plastic glazing may reduce light intensity, especially at the ultraviolet end of the spectrum. The best horticultural glass transmits significantly more light than ordinary window glass, but this advantage will be reduced if it is not kept scrupulously clean.
Tungsten filament incandescent lamps,
the commonest domestic type of lamp produce yellowish-white light light with a colour temperature of 2750 - 2850°K by using electricity to heat a small coiled tungsten metal wire to a high temperature within a glass "bulb" filled with special gases. Incandescent bulbs produce a broad spectrum of light (including a lot of infrared) and can be made with a high maximum light output. The bulbs are cheap but a relatively inefficient method of lighting and unsuitable for high intensity lighting of large areas. Plant growth is "soft" and elongated.
Quartz halogen lamps
produce a clean white light, at a colour temperature of about 3500°K, extending into the blue and ultraviolet part of the spectrum which is moderately hazardous to eyes and skin during prolonged exposure. There is also considerable production of infra-red in the form of radiant heat which, at close range, may scorch foliage and other delicate materials. It is inadvisable to stare at unfiltered quartz halogen lamps as their high filament brightness, heat and ultraviolet emission may cause irreversible eye-damage.
Quartz halogen lamps are relatively cheap and require no special starter circuits. However, although their higher filament temperature makes them more efficient than ordinary tungsten filament lamps, they are relatively expensive to run compared with the modern discharge lamps mentioned below, and unsuitable for high intensity lighting of large areas. Compact filaments makes it easy to focus quartz halogen lamps onto a small area, and they are used for "feature lighting", sometimes via fibre-optic light guides which remove most of the infra-red (heat) output.
Metal Halide (HID) lamps
produce an intense bluish-white light, at a colour temperature of 5000-6500°K similar to sunlight, from an arc discharge between electrodes within a quartz capsule filled with special chemicals and are one of the most efficient ways of lighting large areas. The compact nature of the arc makes it easy to focus the light on a specific area. Plants grow well with compact growth under this light, but it lacks the red required for flowering. Lamps producing an enhanced orange-red output similar to a 3000°K source are available. Special starter circuits are required. Check that lamps will operate in a horizonal position if this is required.
Sodium vapour lamps,
often used for street lighting, produce almost monochromatic yellow light at 589nm from a low pressure discharge in Sodium vapour. These lamps are efficient but lack of red and blue wavelengths make them less suitable for plant growth, although some growers claim that their plants flower well under them. Special starter circuits are required.
High pressure sodium lamps
produce an intense pinkish-white light with a colour temperature of 2050°K from an arc discharge in high pressure sodium vapour and are an efficient way of lighting large areas. Succulent plants grow well under this light, but the colour cast may reduce acceptability for decorative illumination. The standard lamps are said to encourage production of flowers and fruit. Versions producing more blue light are available to promote compact vegetative growth, but this is not needed if the lamps are used to augment natural daylight which provides sufficient blue light.. Special starter circuits are required. Check that lamps will operate in a horizonal position if this is required.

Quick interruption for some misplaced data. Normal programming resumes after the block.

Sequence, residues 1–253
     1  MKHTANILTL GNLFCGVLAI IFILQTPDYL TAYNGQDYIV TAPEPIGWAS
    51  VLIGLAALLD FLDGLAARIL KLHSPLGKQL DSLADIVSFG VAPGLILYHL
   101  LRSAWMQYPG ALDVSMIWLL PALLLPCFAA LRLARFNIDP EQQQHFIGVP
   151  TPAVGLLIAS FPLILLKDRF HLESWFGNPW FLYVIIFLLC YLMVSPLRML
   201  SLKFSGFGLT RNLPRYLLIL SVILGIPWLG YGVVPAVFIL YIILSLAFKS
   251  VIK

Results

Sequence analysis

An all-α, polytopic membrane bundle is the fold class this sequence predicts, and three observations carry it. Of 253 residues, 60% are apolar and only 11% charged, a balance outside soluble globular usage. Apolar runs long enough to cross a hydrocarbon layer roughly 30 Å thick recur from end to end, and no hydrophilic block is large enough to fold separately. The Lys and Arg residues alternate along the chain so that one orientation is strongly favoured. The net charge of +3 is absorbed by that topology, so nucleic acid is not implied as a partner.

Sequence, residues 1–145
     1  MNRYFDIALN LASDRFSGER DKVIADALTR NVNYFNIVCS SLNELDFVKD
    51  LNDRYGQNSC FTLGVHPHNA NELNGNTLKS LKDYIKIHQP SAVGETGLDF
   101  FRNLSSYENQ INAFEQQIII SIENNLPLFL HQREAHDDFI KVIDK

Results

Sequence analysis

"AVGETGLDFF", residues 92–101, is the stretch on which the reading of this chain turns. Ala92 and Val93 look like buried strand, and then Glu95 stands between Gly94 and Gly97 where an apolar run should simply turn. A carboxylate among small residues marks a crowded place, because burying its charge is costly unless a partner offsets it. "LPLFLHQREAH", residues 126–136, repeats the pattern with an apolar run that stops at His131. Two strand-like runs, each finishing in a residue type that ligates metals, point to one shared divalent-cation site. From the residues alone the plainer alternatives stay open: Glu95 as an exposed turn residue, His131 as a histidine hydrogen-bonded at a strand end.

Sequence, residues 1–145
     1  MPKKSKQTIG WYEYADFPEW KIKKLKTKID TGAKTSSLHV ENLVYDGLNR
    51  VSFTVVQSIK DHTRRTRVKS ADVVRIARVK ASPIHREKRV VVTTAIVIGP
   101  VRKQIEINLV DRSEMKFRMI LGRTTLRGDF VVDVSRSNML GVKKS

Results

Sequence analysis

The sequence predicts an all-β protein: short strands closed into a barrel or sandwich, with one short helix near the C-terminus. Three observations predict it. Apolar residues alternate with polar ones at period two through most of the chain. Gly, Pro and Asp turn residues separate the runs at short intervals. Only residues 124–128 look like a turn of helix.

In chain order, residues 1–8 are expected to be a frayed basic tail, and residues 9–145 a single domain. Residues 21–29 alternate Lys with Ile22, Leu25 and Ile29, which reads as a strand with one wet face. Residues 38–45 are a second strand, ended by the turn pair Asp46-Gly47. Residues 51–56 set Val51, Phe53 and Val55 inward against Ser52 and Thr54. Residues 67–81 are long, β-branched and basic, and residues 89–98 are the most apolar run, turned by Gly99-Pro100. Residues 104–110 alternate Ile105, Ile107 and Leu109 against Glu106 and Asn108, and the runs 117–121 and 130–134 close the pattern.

Combined use of metal halide and high pressure sodium can be used as the emission spectra of the lamps compliment each other and promote normal plant growth.
rely on a low-pressure discharge in a mixture of argon and mercury vapour to produce a line spectrum. Ultraviolet light from the discharge excites the phosphor coating on the inside of the glass envelope. Tubes coated with phosphors designed to emit warm white 2700 - 3000°K, cool white 4100 - 4300°K or "daylight" 5000K to 6350°K light are available as well as specialised phosphors designed for optimal use with plants or fish tanks. Fluorescent tubes are moderately efficient to run and suitable for use in a small growing space as the tubes run just warm to the touch. Special starter circuits are required but these are freely available in hardware stores.
Light Emitting Diodes (LED's)
LEDs are semiconductor "chips" that convert electrical energy directly into light. An LED is called a solid-state light source because it has no gas or liquid components, as do other lamps. The LED chip is typically mounted on a solid base that can dissipate heat and embedded in clear plastic shaped to focus the light. LEDs are efficient light emitters, available in a wide range of colours. White LED's are really blue LED chips coated in green and red-emitting phosphors which can be adjusted to produce a cool or warm white output, as with fluorescent tubes. Because of energy losses in the wavelength conversion by the phosphor, white LEDs are less efficient than single colour LEDs. In fact, white LEDs are not necessary for plant growth and satisfactory results can be obtained with arrays of blue and red LEDs. While the resulting mauve light is fine for growing the plants, it is unsuitable for viewing a display.
LEDs are power-efficient, resistant to impact and vibration, and can provide variable lumen output, but they are currently limited to a much lower maximum light output than tungsten halide lamps and HID lamps. LEDs are also relatively electrically fragile compared with other types of lamp, must be connected with correct electrical polarity and do not tolerate excessive reverse voltage.
LEDs are becoming available with very high light outputs and ready-built arrays of lower power blue and red LEDs are available. A skilled electrician could assemble his own. As the prices of LEDs fall they will become more cost effective for illuminating growing spaces or for spotlighting individual plants. LED's produce very little heat so will not scorch foliage.
Ultraviolet LEDs are becoming available and could conceivably be added to banks of LEDs to simulate intense sunlight and develop the strikingly coloured foliage seen in succulent plants from the tropics and high mountains.